Build a Simple Webpack/React App

We will build a simple webpack project that can be full customized to your choosing, but for this case it is for a react project.

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Photo by Gabriel Beaudry on Unsplash

What is Webpack?

Webpack is a module bundler. Webpack can take care of bundling alongside a separate task runner. React, and Hot Module Replacement (HMR) helped to popularize webpack and led to its usage in other environments, such as Ruby on Rails. Despite its name, webpack is not limited to the web alone. It can bundle with other targets as well, as discussed in the Build Targets chapter.

We will retrieve data via the star wars api. We will have 7 components.

PeopleList — -List of PeopleItem

StarshipList — List of StarshipItem

PlanetList — List of PlanetItem

PeopleItem — Each individual person

StarshipItem — Each individual starship.

PlanetItem — Each individual planet.

Nav — The navigation bar, that will be responsible for routing.

We will first create a directory, then go to it, and then install your devDependencies.

webpack — a module bundler, can bundle any asset or resource.

webpack-cli — Provides a flexible set of commands run your bundler.

webpack-dev-server — Uses webpack with a development server for live reloading.

@babel/core — Enables all configurations for your babel compiler.

@babel/preset-env — Compiles es6 code into es5.

@babel/preset-react — Compiles jsx to javascript.

babel-loader — Responsible for loading our javascript file, which will compile code based on the presets in the .babelrc file.(Which we would create later in the tutorial.)

html-webpack-plugin — Creates a html file that serves your webpack bundle. Can let it generate a html file for you or can use lodash template. In this case we will generate a html file.

css-loader — Loads file with style-loader, compiles @import and url like import/require.

style-loader — Inject as style tag.

Then we will install our dependencies.

react — Enables the user of react library.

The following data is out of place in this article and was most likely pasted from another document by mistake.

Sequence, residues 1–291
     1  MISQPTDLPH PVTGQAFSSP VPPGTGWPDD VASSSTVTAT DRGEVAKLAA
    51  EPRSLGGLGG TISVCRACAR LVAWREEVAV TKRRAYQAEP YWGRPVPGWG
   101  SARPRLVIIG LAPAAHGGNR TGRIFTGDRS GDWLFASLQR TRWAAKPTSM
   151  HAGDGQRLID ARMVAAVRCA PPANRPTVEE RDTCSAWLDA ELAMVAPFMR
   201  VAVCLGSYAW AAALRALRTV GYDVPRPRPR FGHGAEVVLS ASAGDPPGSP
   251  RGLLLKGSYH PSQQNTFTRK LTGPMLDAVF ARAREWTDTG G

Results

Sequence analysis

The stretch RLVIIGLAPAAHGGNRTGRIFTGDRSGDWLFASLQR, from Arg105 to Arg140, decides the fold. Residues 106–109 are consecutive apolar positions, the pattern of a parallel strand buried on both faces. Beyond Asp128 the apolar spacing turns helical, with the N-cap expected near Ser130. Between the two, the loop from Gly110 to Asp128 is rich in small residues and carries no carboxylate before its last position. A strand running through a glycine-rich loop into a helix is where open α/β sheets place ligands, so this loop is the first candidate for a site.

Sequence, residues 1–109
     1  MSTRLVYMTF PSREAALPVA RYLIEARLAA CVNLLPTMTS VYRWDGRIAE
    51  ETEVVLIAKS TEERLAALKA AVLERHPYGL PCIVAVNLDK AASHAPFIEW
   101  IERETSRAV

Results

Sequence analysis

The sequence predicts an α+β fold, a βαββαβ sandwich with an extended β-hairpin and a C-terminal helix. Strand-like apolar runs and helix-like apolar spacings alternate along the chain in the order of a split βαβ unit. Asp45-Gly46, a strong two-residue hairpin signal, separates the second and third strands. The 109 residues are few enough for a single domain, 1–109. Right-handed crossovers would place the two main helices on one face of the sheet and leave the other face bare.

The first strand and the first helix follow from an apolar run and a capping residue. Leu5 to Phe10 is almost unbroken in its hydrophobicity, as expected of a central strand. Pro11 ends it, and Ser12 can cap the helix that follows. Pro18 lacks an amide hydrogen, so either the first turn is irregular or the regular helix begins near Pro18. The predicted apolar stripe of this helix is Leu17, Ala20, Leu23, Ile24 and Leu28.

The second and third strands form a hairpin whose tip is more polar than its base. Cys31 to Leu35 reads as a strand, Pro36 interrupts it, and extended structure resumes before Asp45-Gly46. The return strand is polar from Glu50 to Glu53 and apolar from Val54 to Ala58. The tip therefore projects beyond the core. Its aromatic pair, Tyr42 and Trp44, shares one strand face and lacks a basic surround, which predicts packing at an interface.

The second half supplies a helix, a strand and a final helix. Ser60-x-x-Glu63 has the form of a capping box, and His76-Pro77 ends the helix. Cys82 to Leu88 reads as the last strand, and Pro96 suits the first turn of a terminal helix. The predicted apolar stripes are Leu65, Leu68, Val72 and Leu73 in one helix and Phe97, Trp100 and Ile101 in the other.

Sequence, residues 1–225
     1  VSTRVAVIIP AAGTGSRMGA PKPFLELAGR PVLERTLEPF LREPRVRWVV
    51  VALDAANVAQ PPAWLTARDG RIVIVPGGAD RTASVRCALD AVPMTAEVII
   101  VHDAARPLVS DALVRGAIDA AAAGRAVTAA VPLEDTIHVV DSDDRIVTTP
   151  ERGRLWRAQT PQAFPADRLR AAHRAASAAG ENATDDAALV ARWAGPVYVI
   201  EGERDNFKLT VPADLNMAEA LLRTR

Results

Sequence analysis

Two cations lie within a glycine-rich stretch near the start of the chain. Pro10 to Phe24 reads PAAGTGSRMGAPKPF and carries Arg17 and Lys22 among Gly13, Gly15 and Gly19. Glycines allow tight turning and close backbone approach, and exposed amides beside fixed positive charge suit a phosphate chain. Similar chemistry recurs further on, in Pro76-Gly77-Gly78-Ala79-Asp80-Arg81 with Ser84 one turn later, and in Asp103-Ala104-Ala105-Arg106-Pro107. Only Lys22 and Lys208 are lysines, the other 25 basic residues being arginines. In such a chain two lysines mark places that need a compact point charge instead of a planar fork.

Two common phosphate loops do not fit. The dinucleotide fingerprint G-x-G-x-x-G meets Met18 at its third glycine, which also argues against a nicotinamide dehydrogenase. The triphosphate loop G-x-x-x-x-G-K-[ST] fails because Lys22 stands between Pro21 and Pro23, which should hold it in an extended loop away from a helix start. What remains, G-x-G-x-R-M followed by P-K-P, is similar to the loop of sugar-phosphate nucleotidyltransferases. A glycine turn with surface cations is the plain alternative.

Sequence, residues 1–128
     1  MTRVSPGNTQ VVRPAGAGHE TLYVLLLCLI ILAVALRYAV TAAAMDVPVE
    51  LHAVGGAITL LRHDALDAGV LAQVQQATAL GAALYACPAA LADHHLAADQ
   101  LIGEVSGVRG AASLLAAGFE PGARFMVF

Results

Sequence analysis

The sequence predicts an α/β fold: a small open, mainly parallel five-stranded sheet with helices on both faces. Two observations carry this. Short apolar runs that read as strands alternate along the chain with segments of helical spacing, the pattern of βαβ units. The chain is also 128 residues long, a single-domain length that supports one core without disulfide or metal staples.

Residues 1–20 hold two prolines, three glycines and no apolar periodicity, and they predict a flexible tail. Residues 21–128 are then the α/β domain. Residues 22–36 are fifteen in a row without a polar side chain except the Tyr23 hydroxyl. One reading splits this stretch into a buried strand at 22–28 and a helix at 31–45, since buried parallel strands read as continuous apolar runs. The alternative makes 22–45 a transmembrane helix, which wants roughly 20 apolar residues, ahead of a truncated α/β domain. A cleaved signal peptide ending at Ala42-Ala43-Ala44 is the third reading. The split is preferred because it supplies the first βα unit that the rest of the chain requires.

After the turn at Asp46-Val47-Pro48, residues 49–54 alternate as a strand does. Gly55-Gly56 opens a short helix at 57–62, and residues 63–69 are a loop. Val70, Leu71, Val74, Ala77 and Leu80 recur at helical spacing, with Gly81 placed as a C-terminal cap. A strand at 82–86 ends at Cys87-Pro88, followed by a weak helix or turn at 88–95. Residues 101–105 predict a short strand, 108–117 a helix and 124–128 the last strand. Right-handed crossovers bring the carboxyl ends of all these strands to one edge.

react-dom — Enables rendering our app component on our root id in our html file.

react-router-dom — Enables your routing for your app.

history — Enables history for your navigation of your route.

We will create a .babelrc, and webpack.config.js file within our root directory.

.babelrc — configures your babel compiler, in this case we will use a presets property to compile specific versions of javascript.

webpack.config.js — configures your webpack bundler.

Now we will create a src and dist directory, and within your src directory we will have a styles and components folder.

We will first configure our package.json, we will add a start and build script. When building your webpack bundle, you will have a start script with a — mode indicating if it is development, or production. Then in the case of development we would add the — watch flag to watch the package.json.

Our start script is for our development server, and our build script is our production server.

Configure your package.json for webpack.

In our webpack.config.js we will first import the modules we need. We will first import your path, which will join your app directory path with the src directory. Then we will import your html-webpack-plugin for initiating your bundle in a html file. Which would be set to the plugins property of the object you are exporting.

pathImport needed modules for your webpack.config.js or your webpack configuration file.

Define the object your will exporting from your configuration file. It will contain 4 properties.

entry — It would be where your ReactDOM will be initialized.

output — It would be where your distribution files would be in. It will contain a filename, and path property. The filename is the name of the file which all your files would be bundled in which would be index.bundle.js. Then path is where your bundled files would be in, which would be the dist folder.

module — It would contain a rules array which would contain object that each one will have at least a test property(the regex pattern to which files would be loaded), and loader(the loader or loaders that will load your files based on test property).

plugin — It would be where you initiate any plugins for you webpack configuration. In which we would use html-template-plugin to create a file which would reference index.bundle.js.

Define your configuration object.

Now define your .babelrc which will hold your configuration for your babel compiler. We would only define our presets property with our preset-env and preset-react module.

Define your babel compiler options.